Gevlon said...

@last anonymous: if honor worth nothing to you, the goblinish thing is to avoid the random BGs like the plague. They give you NOTHING.

The only thing they give to the social is the "fun" coming from the belief that he is observed as "pro" who is "pwning noobs". Just because he is unaware of it, this is the source of his "fun". If killing itself would be fun, he would be grinding mobs (they have loot too and no queue).

Again: I'm NOT saying that the bridge fighter enters the game with the idea "I go and impress peers". He, like an animal, is unaware of his own motivations. He just follows his instincts. The frog doesn't "know" why he returns to the lake. The biologist knows that he returns because his hormon levels changed as the mating season arrived. The lolkid doesn't know why he is on the brige, he just feel good about it. We know that he is there because this setting is optimal to prove to non-playing peers that he is better player than the others.

Bronte said...

I would have to agree with the first comment, "playing because of boredom". I played WoW for a long time because I was bored with everything else. And then again for a long time because I was bored of WoW, but too used to it to quit.

Squishalot said...

Gevlon, if your theory were correct, games like Call of Duty wouldn't have both single player and multi-player custom games. Everybody would only play one or the other.

However, this is incorrect. The FPS PvP player doesn't play multiplayer to show off his epeen. He plays for the personal satisfaction of both a) killing mass numbers of weak opposition and b) defeating individual hard opposition. The same principle applies in WoW.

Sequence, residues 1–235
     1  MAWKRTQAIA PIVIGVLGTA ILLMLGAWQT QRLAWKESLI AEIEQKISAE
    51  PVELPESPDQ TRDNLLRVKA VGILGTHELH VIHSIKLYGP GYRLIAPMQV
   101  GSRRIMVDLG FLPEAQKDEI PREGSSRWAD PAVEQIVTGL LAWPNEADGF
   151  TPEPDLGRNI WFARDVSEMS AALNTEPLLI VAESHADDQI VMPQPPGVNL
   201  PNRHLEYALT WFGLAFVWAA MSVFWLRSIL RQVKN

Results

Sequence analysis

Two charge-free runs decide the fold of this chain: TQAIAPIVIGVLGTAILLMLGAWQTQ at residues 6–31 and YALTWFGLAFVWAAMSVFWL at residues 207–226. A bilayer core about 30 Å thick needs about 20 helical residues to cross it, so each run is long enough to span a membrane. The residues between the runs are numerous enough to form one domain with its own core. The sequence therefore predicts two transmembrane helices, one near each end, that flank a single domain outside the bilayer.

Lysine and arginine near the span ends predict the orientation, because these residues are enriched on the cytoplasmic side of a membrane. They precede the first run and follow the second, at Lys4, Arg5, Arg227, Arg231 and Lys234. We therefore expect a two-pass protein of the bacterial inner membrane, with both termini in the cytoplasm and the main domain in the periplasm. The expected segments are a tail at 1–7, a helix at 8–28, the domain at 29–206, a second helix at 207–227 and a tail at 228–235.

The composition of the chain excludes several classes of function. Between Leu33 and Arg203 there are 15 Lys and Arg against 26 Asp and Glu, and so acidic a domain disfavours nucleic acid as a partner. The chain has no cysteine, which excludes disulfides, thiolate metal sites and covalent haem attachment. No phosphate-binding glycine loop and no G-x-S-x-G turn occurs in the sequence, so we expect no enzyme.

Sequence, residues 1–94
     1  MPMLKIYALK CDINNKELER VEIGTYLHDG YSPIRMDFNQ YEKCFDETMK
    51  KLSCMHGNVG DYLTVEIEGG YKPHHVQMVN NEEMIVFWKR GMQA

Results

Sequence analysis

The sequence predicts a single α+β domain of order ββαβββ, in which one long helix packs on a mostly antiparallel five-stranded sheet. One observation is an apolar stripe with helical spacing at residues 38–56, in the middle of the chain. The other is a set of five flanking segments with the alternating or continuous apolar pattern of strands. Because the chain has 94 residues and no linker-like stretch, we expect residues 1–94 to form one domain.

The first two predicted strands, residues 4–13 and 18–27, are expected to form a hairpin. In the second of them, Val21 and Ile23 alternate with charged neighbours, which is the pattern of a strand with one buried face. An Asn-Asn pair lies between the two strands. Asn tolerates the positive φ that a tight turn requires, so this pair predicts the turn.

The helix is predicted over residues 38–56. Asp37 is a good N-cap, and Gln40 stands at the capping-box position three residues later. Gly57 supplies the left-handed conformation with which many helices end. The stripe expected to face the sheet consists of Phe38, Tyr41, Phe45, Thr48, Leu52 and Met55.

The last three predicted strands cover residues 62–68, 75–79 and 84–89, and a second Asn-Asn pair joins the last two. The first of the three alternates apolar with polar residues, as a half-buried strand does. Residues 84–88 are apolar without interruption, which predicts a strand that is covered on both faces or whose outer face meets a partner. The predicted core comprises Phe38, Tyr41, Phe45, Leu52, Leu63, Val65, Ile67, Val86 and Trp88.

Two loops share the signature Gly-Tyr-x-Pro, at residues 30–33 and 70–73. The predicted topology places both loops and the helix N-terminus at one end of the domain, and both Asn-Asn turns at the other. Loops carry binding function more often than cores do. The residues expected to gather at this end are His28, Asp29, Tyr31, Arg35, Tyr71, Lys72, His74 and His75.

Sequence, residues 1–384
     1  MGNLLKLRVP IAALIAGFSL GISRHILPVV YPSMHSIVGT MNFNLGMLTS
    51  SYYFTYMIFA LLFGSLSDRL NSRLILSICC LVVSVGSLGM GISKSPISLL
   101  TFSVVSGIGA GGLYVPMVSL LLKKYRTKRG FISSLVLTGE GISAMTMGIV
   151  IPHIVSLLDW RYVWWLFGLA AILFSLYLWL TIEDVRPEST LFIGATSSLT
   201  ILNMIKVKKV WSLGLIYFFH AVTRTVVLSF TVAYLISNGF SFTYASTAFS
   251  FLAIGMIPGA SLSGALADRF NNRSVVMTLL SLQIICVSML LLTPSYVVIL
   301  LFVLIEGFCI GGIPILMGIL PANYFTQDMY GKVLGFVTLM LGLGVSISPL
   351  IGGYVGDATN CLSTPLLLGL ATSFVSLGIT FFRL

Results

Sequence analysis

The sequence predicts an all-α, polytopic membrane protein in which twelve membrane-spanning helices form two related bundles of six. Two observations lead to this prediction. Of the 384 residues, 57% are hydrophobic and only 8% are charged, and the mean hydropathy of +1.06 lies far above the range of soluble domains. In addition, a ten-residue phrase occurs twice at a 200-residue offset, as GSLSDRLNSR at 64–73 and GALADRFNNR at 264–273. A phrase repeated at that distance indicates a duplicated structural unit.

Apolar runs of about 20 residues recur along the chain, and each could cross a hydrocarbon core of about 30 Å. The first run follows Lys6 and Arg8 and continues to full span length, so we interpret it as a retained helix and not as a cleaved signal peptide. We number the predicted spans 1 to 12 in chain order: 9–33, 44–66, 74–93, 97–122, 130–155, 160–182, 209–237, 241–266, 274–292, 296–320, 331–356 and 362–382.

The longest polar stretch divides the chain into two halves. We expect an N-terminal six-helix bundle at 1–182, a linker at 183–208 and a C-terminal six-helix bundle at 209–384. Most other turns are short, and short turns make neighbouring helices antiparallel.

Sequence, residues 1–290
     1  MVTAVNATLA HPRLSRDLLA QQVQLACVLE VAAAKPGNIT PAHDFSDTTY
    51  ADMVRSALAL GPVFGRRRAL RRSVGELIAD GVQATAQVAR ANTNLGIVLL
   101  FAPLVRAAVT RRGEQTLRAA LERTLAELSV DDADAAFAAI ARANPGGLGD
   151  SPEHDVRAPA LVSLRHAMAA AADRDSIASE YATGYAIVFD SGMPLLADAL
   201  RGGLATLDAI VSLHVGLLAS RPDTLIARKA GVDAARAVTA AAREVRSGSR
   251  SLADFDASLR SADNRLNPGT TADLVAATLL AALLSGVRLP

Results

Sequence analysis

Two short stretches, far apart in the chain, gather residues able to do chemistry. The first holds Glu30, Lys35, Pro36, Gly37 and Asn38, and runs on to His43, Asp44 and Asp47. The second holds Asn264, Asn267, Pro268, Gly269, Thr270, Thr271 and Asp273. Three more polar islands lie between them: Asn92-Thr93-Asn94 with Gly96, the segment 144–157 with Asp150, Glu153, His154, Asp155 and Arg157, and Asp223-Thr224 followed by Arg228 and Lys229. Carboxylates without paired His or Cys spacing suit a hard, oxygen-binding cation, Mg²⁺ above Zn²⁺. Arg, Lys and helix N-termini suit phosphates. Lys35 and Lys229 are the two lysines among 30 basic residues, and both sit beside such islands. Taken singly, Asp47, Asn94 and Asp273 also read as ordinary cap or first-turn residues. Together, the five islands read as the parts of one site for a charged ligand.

The issue isn't that he's going and having fun on the bridge. The issue is that you're making assumptions and drawing the conclusion that he's doing it to impress peers, rather than for self-gratification.

Why do people solo old raid bosses? Items / points? Poor investment, considering the time taken - better to group with other classes and race through to get items for transmogrification. Epeen? Nobody else is there to be impressed. Instead, it's the thrill of knowing that you're unstoppable and that nobody can kill you. The same reasoning would equally apply to 1 v many PvP'ers.

Eaten by a Grue said...

Gevlon, mowing down opposing players is nothing like grinding mobs. The pleasure is in knowing the grief you inflict on others. Mobs feel no grief.

ari_ said...

@Gevlon

if honor worth nothing to you, the goblinish thing is to avoid the random BGs like the plague. They give you NOTHING.

The only thing they give to the social is the "fun" coming from the belief that he is observed as "pro" who is "pwning noobs".


I do mainly PvPing nowadays. I don't give a flying fuck if anyone thinks I'm pro or not, and I'm fully aware that I could be a lot better than I am (case in point: I heal in PvE specs).

I don't care about honor, either, as I will level the toons to 85 and then stop playing them - I spent 2 expansions constantly gearing a max-level main for raiding and I'm bored with that (I also have all heirlooms).

The thing I enjoy in random BGs are running around keeping people (and myself) alive, and doing that outside of a scripted instance/raid encounter. That is my fun.

I don't care one bit as to whether the BG is won or lost (or, thinking about it, I think you could say I prefer less XP so that the leveling process is slower, so I do care, but the other was that I "should", according to you).